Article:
An Extraordinary Time » How We Got to Where We Are and How We Are Shaping Our Future

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Prayer For Goodness

Prayer for Goodness - Othellow, Washington October 1, 2005


From 1975-1979, approximately 1.7 million people lost their lives in Cambodia under the brutal Khmer Rouge regime (21% of the population).2,400 Seattleites listed themselves as Cambodian in the 2000 census. About 95% of them are Buddhist.

The teachings of Buddha are characterized by the Four Noble Truths and the Eight-fold Path.

The Truths suggest that:
1. Suffering is universal.
2. The cause of suffering is craving or selfish desire.
3. The cure for suffering is to rid oneself of cravings.
4. The way to rid oneself of cravings is to follow the 8-Fold Path: Right knowledge, right intention, right speech, right conduct, right livelihood, right effort, right mindfulness, right concentration.

William Sang, 54, owner of Sang Taing Heng market, renting the property
Every Thursday the monks from temple Olympia come to get something, like rice or food or whatever you have or money. I put in cooked rice and then she adds … a little at a time until you empty the bowl. You can give anything you want.

(In my) Asian grocery store I sell everything… I have meat. I have fresh food, vegetables, a lot of Asian food.

It took about 20 years working 2 jobs (to get the store). I never saw my kids because in the morning she go to school and in the nighttime she was sleeping. I have 2 daughters. They don’t like the store because it is hard work. They don’t like that kind of job.

When my daughter graduates college I will be so proud. Because I want my daughter to get a good life and future and don’t be like me. (laugh)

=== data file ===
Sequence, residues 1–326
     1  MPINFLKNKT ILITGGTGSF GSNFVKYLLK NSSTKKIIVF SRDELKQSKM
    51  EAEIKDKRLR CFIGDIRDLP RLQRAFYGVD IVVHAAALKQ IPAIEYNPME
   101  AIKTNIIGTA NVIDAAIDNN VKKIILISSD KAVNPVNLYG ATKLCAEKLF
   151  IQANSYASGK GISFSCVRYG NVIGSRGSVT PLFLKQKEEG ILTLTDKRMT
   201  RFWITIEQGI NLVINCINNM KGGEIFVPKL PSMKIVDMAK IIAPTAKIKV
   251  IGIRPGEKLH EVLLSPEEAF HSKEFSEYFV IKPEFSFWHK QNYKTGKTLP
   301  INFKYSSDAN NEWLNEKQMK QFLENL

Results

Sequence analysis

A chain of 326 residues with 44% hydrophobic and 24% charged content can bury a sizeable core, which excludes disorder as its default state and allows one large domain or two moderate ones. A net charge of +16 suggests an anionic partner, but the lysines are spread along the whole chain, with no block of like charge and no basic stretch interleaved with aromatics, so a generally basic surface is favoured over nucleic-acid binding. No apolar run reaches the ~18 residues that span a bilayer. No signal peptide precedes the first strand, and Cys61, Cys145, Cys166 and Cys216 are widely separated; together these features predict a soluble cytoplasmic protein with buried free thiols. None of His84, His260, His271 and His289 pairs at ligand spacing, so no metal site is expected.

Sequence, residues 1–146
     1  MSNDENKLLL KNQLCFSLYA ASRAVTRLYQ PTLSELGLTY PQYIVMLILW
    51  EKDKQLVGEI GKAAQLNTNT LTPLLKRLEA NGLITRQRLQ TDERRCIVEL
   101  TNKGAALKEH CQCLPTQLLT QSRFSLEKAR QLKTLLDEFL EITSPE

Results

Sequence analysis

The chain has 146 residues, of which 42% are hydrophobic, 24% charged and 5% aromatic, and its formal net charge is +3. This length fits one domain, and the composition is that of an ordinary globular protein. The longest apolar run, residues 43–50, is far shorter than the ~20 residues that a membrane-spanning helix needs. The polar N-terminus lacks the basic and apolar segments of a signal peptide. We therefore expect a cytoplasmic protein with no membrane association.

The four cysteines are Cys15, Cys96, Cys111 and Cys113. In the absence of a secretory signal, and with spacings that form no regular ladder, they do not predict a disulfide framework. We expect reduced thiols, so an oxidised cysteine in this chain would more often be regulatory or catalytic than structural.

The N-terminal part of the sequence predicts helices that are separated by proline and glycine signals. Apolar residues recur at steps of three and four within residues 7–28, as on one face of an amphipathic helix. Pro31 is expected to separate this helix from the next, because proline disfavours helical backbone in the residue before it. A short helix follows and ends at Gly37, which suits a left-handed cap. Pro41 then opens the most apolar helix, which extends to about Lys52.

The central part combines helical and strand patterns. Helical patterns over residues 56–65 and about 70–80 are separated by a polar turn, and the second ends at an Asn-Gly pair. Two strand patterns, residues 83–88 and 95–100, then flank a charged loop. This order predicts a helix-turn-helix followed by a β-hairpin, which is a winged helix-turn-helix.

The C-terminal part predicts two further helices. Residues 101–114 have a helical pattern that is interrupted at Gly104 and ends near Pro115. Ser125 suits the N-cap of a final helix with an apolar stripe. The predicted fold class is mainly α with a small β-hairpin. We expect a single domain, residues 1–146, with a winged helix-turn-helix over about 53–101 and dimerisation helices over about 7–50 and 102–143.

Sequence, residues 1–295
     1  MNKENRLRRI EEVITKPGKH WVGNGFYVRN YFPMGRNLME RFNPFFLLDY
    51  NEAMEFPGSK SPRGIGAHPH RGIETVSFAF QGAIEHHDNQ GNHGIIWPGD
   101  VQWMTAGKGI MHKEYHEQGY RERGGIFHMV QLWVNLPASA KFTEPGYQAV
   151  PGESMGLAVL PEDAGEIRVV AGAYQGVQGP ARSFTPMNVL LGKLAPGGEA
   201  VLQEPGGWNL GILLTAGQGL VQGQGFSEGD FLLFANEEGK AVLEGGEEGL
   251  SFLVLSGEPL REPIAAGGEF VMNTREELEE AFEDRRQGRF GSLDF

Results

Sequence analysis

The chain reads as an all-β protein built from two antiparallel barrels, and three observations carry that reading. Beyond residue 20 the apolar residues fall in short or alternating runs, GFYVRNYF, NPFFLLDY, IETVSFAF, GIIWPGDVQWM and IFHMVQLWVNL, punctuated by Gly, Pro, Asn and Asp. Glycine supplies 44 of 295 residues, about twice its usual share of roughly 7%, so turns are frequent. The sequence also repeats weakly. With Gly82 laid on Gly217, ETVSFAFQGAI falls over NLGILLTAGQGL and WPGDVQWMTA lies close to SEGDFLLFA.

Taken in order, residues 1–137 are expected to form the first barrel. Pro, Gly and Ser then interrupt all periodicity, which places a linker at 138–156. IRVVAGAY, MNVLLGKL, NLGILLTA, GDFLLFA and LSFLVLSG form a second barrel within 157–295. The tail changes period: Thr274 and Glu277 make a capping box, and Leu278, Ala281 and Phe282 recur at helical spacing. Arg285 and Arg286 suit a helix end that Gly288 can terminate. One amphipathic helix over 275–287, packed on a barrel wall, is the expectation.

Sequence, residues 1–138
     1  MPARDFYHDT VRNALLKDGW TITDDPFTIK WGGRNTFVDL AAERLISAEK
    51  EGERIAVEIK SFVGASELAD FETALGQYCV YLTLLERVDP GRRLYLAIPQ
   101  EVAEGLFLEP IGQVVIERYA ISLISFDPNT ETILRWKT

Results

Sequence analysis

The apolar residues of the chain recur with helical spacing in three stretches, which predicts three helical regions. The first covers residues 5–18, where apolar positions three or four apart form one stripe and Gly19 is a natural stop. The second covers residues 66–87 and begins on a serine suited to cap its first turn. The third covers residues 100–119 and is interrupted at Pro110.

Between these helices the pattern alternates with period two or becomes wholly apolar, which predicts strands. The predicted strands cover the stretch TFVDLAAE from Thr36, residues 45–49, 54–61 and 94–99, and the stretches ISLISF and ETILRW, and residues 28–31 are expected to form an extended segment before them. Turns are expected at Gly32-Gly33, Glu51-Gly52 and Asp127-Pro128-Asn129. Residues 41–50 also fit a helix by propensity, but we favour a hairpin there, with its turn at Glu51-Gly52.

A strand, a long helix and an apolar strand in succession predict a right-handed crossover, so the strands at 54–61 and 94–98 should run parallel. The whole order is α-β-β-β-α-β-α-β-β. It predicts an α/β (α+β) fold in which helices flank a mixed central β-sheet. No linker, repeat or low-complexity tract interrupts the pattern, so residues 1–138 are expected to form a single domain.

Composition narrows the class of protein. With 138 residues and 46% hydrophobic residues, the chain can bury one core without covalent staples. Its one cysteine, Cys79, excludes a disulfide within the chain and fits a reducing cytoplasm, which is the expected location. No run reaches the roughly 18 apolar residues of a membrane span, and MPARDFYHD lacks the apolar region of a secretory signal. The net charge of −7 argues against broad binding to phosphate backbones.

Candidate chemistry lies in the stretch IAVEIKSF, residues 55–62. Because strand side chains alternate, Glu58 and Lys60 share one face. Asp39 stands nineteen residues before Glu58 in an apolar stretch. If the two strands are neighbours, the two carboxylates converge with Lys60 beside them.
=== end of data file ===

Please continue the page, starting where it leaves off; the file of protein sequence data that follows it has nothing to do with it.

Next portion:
I enjoy my life in United States because its freedom and liberty. I leave from Cambodia 1980. I don’t like regime. The Communists force you to work hard. Not enough food. And they kill a lot of people. I have 12 brothers and sisters and they kill 6 or 7 and my Dad too.

I think in the future when (the light rail) is done I think it will be more busy then it is right now. I hope so. I think it brings more people but I don’t know what race. Right now I have all Asians come to my store.”

Phra Sangob Dhammasantiko, 37, monk from Buddhangkura Monestary in Olympia
Usually (people) think Buddhism is a religion but Buddhism is not a religion. It is a way of life.

They offer food to us and we give them blessing to inspire them to do the good thing. Try to be good people in society. Sometimes you can see a monk singing. Usually we use a Bali, an ancient language from India.

If we are good people our goodness will be spread around like the sun or the moon. … It’s a blessing.

Even a small house we can live with happiness. Even a small car we can drive to work. It doesn’t matter that we must have no money. We can have happiness without money. If you look inside (yourself) you can understand.”

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